This article was originally published on Sifted on September 16th, 2021.
Precious days spent working on our application, labouring over every word, filming our one-minute video over and over. Hundreds of pages of paperwork to register the company in the US, tens of thousands of dollars of legal fees. And the biggest sacrifice of all: 7% of our company.
These are all the things we had to give away to have a chance at participating in the world’s most famous accelerator programme, Y Combinator.
We breathed a sigh of relief when we got the email telling us we had a spot.
But what’s Y Combinator really like for a European company? And is the intense programme really worth it?
YC or not YC: our rationale
Capital has become increasingly abundant in the European ecosystem, especially for experienced operators like my cofounders and myself; I was the first employee and VP Growth of Qonto, a European fintech unicorn. So naturally, we considered taking a term sheet for a pre-product seed round when we created the company in March 2021. That would have given us a secure runway for the next two years so we could focus on building.
On the other hand, joining YC meant investing time and equity, both precious commodities for founders. But we believed Y Combinator would give us global exposure from day one.
What was it actually like?
Our batch was fully remote and included 400+ companies. Less than 10% of the cohort were female founders. It officially started in early June and ended with the Demo Day at the end of August, where each founder gave a one-minute pitch to 1000+ investors.
Here are our main learnings:
1/ The sooner you adapt to the new rhythm, the better
YC organizes two to four sessions per week: all-hands sessions, some featuring YC alumni, group office hours and individual office hours.
It’s easy to get overly excited and spend a lot of time listening to shiny alumni stories, rather than focusing on what really matters: building something people want. That’s why we quickly split up and had only one of us — we are three cofounders at Lago — attend each session based on who would benefit the most from the insights.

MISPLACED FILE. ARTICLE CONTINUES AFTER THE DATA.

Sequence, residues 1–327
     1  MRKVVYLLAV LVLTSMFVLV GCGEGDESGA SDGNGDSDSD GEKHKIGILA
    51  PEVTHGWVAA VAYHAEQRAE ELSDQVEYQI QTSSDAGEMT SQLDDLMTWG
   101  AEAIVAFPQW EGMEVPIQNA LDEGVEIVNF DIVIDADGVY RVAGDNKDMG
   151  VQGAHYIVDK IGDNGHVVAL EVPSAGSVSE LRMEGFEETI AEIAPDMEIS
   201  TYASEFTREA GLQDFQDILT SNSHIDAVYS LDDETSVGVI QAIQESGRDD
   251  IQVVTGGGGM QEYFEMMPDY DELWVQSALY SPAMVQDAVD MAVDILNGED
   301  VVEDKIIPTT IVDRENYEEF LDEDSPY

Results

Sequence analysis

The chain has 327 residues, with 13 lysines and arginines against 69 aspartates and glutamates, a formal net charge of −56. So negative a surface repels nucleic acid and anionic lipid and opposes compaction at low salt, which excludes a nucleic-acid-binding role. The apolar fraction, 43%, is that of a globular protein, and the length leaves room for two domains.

Juggling creating value from the programme and the network, committing to bi-weekly goals and leading the Lago team on a daily basis completely disrupted our existing rhythm. This pushed us to iterate faster. We were constantly held accountable and challenged by our YC partners, but this at times stretched us and our employees very thin. Be prepared to adapt fast.
2/ Leverage Bookface
We also quickly learnt that we had to be entrepreneurial in the way we built and got value out of our YC experience. Don’t expect any hand-holding, especially now that the batches are massive and 100% remote. So be prepared to leverage Bookface.
Bookface is YC’s knowledge base, and it answers 80% of the questions a founder can have about building and selling a product, be it to clients, candidates or investors. It’s the most valuable content I’ve ever read. I spent my first nights at YC crunching every article on my own, selecting insights and defining takeaways from them for our team.
Bookface also offers a YC investor database that pulls together information on relevant investors, ticket size, specific interest, and curated reviews from other founders. This enabled me to build an extensive list of relevant target investors, prepare for pitch meetings — based on YC alum advice — conduct due diligence and have a complete fundraising battleplan in a few hours. We only used our partners’ time to review the preparatory work we had done on our own, practice pitches, and get help to negotiate the term sheets we got.
3/ Seek support outside the official program